Originally: Voters and candidates
This year the number of candidates for election, all told, will be higher than ever. Many Haitians prefer to start their own political organization rather than join existing ones. However, in order to avoid having too many candidates, the electoral decree seeks to encourage parties to link up and consolidate. Yet up to now only a small number of political factions have formed such coalitions. To parody the armed forces, some would rather be commanders of a small army than sergeants in a big one.
Worse, despite the large number of parties, there are still likely to be a lot of unaffiliated candidates (a better term, I think, than “independent” candidates). Some parties think they are much more important than others, and much better equipped to run the country. So they do not see the need to form coalitions in the run-up to the elections. Of course they have the right to think that way. The problem is that it’s very hard to measure the real weight of these different parties.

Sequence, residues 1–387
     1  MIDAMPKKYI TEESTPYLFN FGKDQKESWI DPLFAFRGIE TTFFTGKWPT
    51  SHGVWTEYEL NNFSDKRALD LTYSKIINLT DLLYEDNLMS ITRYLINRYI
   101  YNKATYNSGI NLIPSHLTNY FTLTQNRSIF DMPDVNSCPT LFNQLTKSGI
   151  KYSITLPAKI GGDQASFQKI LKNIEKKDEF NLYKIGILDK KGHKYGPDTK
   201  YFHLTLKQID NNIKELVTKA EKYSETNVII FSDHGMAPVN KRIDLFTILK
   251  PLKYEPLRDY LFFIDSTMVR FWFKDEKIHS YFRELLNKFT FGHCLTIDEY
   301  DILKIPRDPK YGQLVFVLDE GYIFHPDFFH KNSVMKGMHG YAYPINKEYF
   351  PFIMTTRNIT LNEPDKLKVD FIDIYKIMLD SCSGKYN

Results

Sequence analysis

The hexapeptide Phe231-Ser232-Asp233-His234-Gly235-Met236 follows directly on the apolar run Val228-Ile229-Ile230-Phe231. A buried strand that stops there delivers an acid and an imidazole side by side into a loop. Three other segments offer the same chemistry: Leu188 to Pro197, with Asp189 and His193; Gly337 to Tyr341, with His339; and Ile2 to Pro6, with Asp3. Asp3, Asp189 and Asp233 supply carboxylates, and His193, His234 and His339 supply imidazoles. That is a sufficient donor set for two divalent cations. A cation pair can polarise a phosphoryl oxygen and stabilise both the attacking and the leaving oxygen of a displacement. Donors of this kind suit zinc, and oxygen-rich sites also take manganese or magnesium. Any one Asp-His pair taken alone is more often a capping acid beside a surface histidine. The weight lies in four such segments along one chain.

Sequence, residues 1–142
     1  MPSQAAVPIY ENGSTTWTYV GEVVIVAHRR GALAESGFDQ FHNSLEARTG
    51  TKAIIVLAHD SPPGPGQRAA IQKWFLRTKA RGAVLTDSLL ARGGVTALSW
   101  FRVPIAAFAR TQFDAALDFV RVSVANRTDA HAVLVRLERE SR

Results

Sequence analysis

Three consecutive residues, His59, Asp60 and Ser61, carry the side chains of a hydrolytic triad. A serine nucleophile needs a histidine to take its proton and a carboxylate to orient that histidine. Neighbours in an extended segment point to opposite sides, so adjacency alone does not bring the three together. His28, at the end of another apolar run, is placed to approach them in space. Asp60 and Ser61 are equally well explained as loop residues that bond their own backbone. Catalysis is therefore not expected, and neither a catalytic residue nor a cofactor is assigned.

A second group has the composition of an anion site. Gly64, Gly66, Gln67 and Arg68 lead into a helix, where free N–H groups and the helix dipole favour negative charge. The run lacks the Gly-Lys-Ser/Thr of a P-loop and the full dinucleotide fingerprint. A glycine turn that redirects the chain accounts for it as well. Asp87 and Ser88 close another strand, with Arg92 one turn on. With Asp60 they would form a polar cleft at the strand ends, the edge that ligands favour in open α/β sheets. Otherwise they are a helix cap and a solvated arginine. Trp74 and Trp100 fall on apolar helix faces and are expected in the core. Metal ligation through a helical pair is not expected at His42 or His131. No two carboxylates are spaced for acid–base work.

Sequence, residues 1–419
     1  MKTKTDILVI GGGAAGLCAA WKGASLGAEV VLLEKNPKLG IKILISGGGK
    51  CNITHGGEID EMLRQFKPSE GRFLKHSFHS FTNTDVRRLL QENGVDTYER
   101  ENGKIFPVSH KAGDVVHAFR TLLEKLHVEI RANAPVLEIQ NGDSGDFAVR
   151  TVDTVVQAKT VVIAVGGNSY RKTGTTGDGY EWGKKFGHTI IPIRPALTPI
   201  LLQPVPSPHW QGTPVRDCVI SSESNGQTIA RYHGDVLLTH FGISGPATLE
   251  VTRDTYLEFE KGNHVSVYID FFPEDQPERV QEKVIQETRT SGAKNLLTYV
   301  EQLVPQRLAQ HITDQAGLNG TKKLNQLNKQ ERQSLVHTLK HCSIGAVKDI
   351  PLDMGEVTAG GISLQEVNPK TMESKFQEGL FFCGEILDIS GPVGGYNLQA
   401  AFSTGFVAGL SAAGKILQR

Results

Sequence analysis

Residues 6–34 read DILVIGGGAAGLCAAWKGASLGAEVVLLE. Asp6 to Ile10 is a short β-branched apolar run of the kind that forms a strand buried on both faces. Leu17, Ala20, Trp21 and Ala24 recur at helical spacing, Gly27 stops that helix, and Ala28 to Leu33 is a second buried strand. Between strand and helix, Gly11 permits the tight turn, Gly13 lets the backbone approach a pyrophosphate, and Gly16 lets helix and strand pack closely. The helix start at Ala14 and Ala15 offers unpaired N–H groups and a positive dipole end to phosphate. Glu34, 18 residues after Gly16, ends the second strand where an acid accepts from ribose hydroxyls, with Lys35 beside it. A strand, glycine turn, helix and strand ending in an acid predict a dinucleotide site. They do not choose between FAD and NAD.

It will also be difficult to decide between candidates according to the priorities they espouse. Circumstances in the country are such that all candidates are virtually condemned to deal in common places and issue declarations of principle about the need to create jobs, to fight unemployment and the high cost of living, to reduce poverty, to protect the environment, to build roads and schools, to combat illiteracy, and so on.
It may not be a bad thing that so many Haitians want to stand for election, but there are some legitimate concerns about having too many candidates and too many political parties. The proliferation of candidates runs the risk of trivializing a process on which Haiti’s chances for a new start may well depend. It might also seem surprising that organizations that call for national reconciliation and talk about building consensus cannot even reach agreement on a common platform and a common slate of candidates.
Another effect of this proliferation is that many candidates will not be risking much in the coming selections. Some of them have absolutely nothing to lose. That’s what makes them a real threat to the clarity of the process. They will do anything to get themselves talked about. They will put up the grandest theoretical defenses of national sovereignty, they will be the greatest champions of the “dignity” of the Haitian people. They will carry on in general terms about every topic under the sun, and say just about anything.